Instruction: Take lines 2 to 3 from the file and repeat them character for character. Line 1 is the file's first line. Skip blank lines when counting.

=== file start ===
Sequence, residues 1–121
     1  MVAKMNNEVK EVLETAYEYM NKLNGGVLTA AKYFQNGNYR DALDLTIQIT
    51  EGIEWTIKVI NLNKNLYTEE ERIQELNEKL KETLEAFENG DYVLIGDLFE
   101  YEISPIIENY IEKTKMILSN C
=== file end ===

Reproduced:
     1  MVAKMNNEVK EVLETAYEYM NKLNGGVLTA AKYFQNGNYR DALDLTIQIT
    51  EGIEWTIKVI NLNKNLYTEE ERIQELNEKL KETLEAFENG DYVLIGDLFE